Definition of oblique in English:

oblique

Line breaks: ob|lique
Pronunciation: /əˈbliːk
 
/

adjective

1Neither parallel nor at right angles to a specified or implied line; slanting: we sat on the settee oblique to the fireplace
More example sentences
  • In older well-elongated cells, part of the immobile mitochondria is already arranged along parallel lines transverse or oblique to the cell axis.
  • Entocristid and oblique crests run parallel in a longitudinal direction.
  • Trabs rise upward parallel to or slightly oblique to excurrent canals and form regular ladder-like structure.
Synonyms
1.1 Geometry (Of a line, plane figure, or surface) inclined at other than a right angle.
More example sentences
  • The orientation of the projection surface can be normal (inline with the earth's axis), transverse (at right angles to the earth's axis) or oblique (any angle in between).
  • The problem of scattering of an obliquely incident plane acoustic wave from an infinite solid elastic clad rod is formulated.
  • Oblique drawings have one axis along the horizontal line.
1.2 Geometry (Of an angle) acute or obtuse.
More example sentences
  • Angles are either right, acute, or oblique.
  • In the hypothesis of acute angle, we can, find a perpendicular and an oblique to the same straight which never meet.
  • Oblique angles are of two kinds, acute and obtuse.
1.3 Geometry (Of a cone, cylinder, etc.) with an axis not perpendicular to the plane of its base.
More example sentences
  • Since the triangle ABC has an oblique shape, as the first step, the triangle is redefined to a shape where the integration basis remains same as ABD.
  • Pyramids that are not right are called oblique.
  • Three unequal axes that intersect at oblique angles.
1.4 Anatomy (Especially of a muscle) neither parallel nor perpendicular to the long axis of a body or limb: an oblique abdominal muscle
More example sentences
  • Sportsman's hernia is the name given to an occult hernia due to a tear in the external oblique muscle.
  • He was expected to miss at least one spring start with a strained oblique muscle, though the injury is not considered serious.
  • He was expected to miss camp time with a strained oblique muscle, which didn't help his chances of making the roster.
2Not expressed or done in a direct way: he issued an oblique attack on the President
More example sentences
  • This first of many direct and oblique connections between the two poets takes considerable ballsyness on the younger Berrigan's part, but it all pays off in the end.
  • Throughout the article the members made both direct and oblique references to the English heritage on Long Island.
  • An early example of this may be found in Bentham's writings, and his distinction between direct and oblique intention is one way of expressing the point.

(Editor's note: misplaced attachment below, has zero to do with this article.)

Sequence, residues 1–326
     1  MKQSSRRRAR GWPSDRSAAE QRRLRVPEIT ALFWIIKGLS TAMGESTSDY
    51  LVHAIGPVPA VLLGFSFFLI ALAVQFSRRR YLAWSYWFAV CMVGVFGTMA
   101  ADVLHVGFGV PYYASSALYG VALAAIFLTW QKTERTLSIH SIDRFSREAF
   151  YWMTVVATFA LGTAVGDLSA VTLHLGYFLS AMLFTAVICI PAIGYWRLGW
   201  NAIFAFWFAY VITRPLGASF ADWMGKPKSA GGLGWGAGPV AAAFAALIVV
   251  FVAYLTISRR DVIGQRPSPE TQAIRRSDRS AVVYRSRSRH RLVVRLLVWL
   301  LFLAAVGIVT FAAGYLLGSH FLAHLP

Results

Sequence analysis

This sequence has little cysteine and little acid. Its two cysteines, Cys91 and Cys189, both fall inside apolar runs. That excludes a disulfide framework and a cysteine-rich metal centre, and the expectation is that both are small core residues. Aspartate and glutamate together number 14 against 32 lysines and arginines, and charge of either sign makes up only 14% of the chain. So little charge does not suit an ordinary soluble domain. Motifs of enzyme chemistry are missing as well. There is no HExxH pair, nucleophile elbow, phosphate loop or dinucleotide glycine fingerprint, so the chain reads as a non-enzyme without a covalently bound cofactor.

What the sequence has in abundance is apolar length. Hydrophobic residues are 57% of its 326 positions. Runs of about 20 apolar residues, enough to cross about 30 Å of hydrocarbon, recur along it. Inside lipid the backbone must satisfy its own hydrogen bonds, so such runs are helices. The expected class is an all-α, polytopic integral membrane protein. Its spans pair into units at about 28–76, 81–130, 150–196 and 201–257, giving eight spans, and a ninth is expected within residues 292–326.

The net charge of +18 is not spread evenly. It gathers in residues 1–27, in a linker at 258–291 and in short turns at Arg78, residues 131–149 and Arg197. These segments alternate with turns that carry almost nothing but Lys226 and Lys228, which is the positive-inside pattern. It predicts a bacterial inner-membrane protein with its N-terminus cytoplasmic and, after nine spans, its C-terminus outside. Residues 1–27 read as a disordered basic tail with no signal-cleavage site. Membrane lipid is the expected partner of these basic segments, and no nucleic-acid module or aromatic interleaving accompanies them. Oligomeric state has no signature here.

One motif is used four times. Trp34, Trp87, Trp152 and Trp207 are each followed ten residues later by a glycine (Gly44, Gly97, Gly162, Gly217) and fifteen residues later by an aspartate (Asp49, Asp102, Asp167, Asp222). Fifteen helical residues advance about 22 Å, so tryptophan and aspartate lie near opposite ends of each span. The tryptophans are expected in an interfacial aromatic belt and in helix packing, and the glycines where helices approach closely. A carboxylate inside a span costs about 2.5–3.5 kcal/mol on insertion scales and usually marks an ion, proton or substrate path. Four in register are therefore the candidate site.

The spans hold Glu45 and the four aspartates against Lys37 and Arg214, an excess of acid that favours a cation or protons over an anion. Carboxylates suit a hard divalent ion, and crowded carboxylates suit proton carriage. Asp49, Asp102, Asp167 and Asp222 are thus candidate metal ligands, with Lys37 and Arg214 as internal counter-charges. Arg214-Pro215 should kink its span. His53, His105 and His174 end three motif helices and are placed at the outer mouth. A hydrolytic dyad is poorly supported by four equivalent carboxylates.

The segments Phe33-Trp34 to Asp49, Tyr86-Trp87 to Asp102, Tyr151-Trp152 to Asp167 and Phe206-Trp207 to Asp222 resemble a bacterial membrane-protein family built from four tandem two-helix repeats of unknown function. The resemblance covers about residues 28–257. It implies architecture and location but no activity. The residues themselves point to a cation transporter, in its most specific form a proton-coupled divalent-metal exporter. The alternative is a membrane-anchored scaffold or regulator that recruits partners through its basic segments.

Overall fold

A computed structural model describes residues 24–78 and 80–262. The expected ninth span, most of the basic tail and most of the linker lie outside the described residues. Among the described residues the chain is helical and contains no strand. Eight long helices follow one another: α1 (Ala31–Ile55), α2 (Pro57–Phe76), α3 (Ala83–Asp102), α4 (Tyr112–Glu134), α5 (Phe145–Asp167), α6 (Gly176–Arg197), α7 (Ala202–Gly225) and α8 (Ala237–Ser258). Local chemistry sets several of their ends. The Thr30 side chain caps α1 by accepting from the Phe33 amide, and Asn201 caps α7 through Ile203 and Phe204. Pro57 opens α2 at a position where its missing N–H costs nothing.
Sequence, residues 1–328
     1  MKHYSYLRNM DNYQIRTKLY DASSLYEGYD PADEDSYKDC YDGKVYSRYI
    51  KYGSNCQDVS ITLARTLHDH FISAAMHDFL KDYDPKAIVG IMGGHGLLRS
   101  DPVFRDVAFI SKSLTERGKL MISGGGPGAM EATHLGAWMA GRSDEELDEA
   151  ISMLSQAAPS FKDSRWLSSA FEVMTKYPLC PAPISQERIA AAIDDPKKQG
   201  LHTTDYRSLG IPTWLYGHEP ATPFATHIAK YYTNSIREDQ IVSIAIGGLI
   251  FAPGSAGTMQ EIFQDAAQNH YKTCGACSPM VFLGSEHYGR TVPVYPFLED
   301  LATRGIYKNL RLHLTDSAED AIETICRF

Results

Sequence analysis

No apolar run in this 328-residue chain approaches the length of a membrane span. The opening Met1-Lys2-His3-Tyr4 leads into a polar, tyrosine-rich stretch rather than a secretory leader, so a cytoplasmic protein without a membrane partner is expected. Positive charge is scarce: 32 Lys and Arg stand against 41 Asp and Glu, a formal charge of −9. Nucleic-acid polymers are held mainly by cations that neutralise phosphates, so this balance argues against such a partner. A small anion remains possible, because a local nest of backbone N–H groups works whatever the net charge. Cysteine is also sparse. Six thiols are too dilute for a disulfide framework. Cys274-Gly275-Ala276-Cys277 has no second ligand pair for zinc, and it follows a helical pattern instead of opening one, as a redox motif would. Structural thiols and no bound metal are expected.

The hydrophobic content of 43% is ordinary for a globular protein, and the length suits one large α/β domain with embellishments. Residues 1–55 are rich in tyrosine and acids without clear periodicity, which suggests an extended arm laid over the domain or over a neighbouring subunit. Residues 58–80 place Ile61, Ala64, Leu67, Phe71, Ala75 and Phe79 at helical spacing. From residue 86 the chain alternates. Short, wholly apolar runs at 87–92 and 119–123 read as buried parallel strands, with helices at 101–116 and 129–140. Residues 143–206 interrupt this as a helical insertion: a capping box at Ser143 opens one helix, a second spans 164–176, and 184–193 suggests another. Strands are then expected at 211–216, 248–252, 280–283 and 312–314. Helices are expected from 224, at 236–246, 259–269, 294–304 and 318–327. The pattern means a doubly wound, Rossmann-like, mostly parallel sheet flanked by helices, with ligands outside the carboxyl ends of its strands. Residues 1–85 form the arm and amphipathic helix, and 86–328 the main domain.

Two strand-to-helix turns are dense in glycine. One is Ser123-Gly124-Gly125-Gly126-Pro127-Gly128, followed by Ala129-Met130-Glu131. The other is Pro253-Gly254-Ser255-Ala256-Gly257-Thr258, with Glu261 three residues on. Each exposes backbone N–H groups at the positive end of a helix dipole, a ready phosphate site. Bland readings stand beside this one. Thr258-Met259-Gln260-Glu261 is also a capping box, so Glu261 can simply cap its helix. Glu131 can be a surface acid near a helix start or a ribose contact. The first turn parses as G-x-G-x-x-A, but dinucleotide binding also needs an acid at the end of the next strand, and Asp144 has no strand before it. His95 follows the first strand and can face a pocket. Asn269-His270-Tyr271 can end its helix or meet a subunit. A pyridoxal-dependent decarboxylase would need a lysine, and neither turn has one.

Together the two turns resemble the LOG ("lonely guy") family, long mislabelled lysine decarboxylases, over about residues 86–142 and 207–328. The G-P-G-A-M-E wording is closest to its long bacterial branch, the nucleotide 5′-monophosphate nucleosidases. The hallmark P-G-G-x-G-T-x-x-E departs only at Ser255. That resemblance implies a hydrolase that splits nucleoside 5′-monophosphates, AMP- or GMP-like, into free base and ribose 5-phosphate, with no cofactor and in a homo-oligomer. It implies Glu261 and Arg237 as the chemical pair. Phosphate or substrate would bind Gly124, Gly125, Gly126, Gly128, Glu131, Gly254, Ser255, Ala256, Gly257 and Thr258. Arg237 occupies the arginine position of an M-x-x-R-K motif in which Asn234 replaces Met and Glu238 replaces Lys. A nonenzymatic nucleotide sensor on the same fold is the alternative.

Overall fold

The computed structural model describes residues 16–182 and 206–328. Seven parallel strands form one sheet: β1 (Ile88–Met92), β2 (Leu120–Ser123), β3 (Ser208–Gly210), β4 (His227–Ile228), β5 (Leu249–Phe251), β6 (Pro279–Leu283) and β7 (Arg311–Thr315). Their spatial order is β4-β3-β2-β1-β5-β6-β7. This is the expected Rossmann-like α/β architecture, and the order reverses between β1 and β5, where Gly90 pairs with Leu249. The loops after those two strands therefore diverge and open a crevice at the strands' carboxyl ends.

Synonyms
indirect, inexplicit, roundabout, circuitous, circumlocutory, implicit, implied, elliptical, evasive, backhanded
rare circumlocutionary, ambagious
3 Grammar Denoting any case other than the nominative or vocative.
More example sentences
  • The subject nominal is in the oblique form and the verb phrase lacks tense and agreement markers.
  • One links the subject of the dependent clause with the oblique dative argument of the independent clause.
  • The genitive, dative, and accusative are called oblique cases to distinguish them from the nominative and vocative.

noun

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1British another term for slash1 (sense 2) of the noun).
2An oblique muscle: it is the obliques and abdominals which create the well-trained look
More example sentences
  • This exercise strengthens the hip flexors, back extensors, obliques and core abdominal muscles.
  • All these exercises target your core muscles: rectus, obliques and transverse abdominals.
  • Muscles, particularly those of the abdomen (the obliques, transversus, and recti) provide dynamic stability and fine control to the spine.

Origin

late Middle English: from Latin obliquus.

Derivatives

obliqueness

noun
More example sentences
  • American popular culture, whether taking the form of store window displays or movie sets, tamed the modernist arts of this period, tempering their obliqueness and irreverence with soothing symmetry and streamlining.
  • Content feels very important to this book, yet throughout I got a sense of strong ambivalence between revealing and hiding, between directness and obliqueness, between private and public.
  • The shots of his ex-lovers vanishing, coupled with the spoken admission, might imply that the obliqueness of his cinematic approach to them stems from an inability born of discomfort to confront them more directly.

obliquity

Pronunciation: /əˈblɪkwɪti/
noun
More example sentences
  • But the most profound effect over the long haul would be the changes in the earth's obliquity - the angle of its spin axis - which is stabilized by the moon's gravitational pull.
  • Consider, now, Wallace's storytelling method, favouring obliquity and puzzle packed in puzzle, and wonder if it mightn't have its own version of ‘gross rhetorical naivety’.
  • To show a breach of duty it is not necessary to establish dishonesty, criminal conduct, personal obliquity or behaviour such as would warrant striking a solicitor off the roll.

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